One district’s effort to build confidence through knowledge and food

Sylvia Leong, Cupertino Union School District trustee and CSBA Director-at-Large, Asian Pacific Islander, is one of many leaders in education working to build confidence among Asian American and Pacific Islander (AAPI) students in California to become leaders themselves.

“There are so many things that go into good leadership, like being collaborative, having courage, being able to try new things and not have a fear of failure, and trying to problem solve and think critically,” Leong said, noting that this issue of developing a generation of leaders isn’t unique to the AAPI community. “Any minority group or any historically oppressed group is going to want to develop those leadership skills because there’s been a lack of leadership models in the public square, and when you don’t have those kinds of leaders to look up to, then it’s hard to imagine it for yourself as a young person.”

AAPI Heritage Month, which takes place in May each year, provides local educational agencies time to assess their resources for AAPI youth while celebrating the various cultures and histories of this especially diverse student group.

Understanding where these students are coming from when they leave home each morning is critical to providing appropriate supports, Leong said. The AAPI community “is not a monolith — it’s a diverse and wide breadth of backgrounds and experiences, and even their story of coming to the United States is going to vary from refugees coming from war-torn areas to those who are part of elite educated groups,” she continued. “It’s really hard to encapsulate the entire community because each one is going to be coming from very different circumstances depending on the generation that they came in, as well as the country that they came from.”

For instance, the model minority myth about Asian Americans and their perceived collective success can be particularly harmful to those whose experiences aren’t captured by the stereotype of a straight A-earning Asian American student. Many young people are living in multi-generational households, taking on adult responsibilities and possibly even dealing with the byproduct of their parents’ trauma, Leong explained.

“Giving students a chance to celebrate and share their culture with others is really a great way to build self-esteem and self-confidence rather than that feeling of shame that comes when their family does something differently,” she said. “I think it’s especially important for schools to expose students to Asian American voices, and that may come from literature, history or cultural events and holidays.”

Just as students in her K-8 district learned about Irish culture for St. Patrick’s Day, Leong said incorporating lessons on Lunar New Year could go a long way as LEAs look for ways to engage young people.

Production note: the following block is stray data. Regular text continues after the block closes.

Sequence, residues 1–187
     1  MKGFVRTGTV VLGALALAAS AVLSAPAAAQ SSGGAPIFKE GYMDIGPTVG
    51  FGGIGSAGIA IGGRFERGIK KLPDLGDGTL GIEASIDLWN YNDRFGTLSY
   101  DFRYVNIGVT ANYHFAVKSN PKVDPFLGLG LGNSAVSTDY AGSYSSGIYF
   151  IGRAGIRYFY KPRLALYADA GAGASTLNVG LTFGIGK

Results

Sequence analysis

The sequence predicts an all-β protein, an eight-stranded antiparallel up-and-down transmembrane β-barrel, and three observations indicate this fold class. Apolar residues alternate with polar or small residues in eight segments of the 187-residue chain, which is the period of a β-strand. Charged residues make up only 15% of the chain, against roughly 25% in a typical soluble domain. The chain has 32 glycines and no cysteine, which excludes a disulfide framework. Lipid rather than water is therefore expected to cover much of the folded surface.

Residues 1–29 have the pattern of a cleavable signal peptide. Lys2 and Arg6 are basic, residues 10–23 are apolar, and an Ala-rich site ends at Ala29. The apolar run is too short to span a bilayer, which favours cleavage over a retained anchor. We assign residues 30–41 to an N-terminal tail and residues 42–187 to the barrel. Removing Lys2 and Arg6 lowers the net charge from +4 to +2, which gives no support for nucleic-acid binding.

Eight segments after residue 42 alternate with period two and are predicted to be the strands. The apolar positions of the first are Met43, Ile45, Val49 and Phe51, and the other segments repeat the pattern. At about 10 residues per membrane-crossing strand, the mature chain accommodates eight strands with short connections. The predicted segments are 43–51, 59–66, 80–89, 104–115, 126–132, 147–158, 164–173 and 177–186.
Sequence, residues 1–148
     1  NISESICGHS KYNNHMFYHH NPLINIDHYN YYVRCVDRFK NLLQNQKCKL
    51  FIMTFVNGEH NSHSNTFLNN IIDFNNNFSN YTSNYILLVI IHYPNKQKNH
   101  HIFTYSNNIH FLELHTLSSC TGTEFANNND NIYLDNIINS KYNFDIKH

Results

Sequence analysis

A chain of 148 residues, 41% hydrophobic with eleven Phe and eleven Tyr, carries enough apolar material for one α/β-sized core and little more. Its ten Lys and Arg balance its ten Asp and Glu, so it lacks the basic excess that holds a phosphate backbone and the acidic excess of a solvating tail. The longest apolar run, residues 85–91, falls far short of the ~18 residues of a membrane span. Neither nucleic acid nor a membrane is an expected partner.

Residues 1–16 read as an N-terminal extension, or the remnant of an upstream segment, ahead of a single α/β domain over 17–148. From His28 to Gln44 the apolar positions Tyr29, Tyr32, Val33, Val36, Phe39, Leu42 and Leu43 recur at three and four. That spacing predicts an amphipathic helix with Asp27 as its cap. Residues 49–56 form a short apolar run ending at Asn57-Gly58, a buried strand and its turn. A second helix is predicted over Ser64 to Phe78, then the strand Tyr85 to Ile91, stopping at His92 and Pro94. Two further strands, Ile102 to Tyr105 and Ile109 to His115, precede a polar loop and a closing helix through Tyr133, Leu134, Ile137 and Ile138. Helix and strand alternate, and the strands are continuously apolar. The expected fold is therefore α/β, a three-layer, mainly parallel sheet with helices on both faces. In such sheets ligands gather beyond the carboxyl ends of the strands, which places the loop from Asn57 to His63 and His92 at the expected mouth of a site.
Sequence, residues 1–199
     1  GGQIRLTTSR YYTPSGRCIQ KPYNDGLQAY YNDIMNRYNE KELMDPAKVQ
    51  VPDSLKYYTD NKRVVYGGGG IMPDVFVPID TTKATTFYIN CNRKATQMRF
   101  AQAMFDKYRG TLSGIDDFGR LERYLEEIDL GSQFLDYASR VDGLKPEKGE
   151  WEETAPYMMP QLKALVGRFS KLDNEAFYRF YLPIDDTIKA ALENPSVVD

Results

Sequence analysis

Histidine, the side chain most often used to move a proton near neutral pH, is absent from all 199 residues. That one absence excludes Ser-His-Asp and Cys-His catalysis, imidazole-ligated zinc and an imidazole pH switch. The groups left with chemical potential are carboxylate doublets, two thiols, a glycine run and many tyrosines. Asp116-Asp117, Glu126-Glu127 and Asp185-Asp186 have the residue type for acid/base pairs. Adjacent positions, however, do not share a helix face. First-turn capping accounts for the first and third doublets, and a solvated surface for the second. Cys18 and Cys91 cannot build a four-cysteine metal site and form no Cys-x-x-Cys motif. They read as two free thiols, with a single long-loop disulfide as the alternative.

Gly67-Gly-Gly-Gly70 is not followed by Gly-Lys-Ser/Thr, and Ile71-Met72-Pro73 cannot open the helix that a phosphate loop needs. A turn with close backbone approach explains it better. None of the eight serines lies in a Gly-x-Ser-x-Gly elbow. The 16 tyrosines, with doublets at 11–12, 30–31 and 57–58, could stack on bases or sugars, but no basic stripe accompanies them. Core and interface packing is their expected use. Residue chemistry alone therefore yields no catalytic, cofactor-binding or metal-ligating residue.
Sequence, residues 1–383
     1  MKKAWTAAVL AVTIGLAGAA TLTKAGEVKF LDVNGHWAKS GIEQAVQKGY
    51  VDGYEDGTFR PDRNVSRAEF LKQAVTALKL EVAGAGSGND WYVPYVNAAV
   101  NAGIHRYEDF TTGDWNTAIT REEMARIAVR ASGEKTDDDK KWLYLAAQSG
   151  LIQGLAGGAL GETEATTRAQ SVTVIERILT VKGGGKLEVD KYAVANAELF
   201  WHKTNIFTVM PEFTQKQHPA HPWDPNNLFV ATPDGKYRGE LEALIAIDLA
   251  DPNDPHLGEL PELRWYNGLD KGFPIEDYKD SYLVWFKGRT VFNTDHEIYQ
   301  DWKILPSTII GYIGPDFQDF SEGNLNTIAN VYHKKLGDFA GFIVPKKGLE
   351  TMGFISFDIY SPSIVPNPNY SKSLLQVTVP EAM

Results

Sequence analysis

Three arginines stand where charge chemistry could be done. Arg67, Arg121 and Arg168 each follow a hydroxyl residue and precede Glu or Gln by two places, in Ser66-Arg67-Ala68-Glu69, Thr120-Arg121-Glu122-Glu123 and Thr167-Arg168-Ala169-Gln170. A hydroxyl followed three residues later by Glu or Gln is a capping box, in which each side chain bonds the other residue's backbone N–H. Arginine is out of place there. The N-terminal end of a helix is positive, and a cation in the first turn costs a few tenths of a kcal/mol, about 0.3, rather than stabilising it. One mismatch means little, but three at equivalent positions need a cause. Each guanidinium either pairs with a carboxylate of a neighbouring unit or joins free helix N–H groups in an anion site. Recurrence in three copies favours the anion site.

Including the varied experiences of the AAPI community in literature and history is also critical, she said. Delving further into the early waves of immigration, the building of the California railroad, Japanese incarceration during World War 2, Filipino Americans starting the labor movement, and more are rarely if ever shared in textbooks, she noted. “It’s also interesting because when we learn about immigration, we always talk about Ellis Island when Angel Island is right here on the California coast, and that’s where so many of these immigrants came in,” Leong continued.

“I also can’t overstate the importance of is incorporating Asian American literature into your schools,” she said. “Literature has been described as being a mirror for your own life and a window into others’ lives. To have stories available for students where they’re seeing themselves as the protagonist, where those characters are experiencing things that they can relate to, where they can see themselves, it suddenly allows them to dream of something bigger.”

In Cupertino Union SD, school meals have become a catapult to exposing students to one another’s cultures. The district recently revamped its menu and brought in a chef consultant who started incorporating ethnic cuisines into the weekly menus that reflect the diversity of the student body.

Kid-tested and approved, school meals now include options such as spicy kimchi tofu soup, chana masala with naan bread or chicken katsu curry. “You have a menu that reflects what the kids are eating at home, which helps students build that pride in their cultures,” Leong said.

Reflecting on her own experience as just one of a handful of Asian students in her Southern California school in the ‘80s, she recalls having the “smelly lunchbox experience” of bringing something to school that was different than what everybody else was eating. “I would bring my mom’s homemade dumplings that I loved, but then I would be made to feel bad about it, or embarrassed by it by some other child who’s like, ‘Ew, what is that? I’ve never seen that before,’ or ‘what is that smell?’ And having that experience and suddenly being made to feel shame in the thing that you love eating and the thing that your parent cooked for you can really be traumatizing.

“I’m so proud of our district for doing this, for taking the time to talk to the students and the staff, and to really incorporate some of these favorite dishes from different Asian cuisines and Spanish or Mexican dishes as well,” she continued. “I think that the dignity that offers is so impactful.”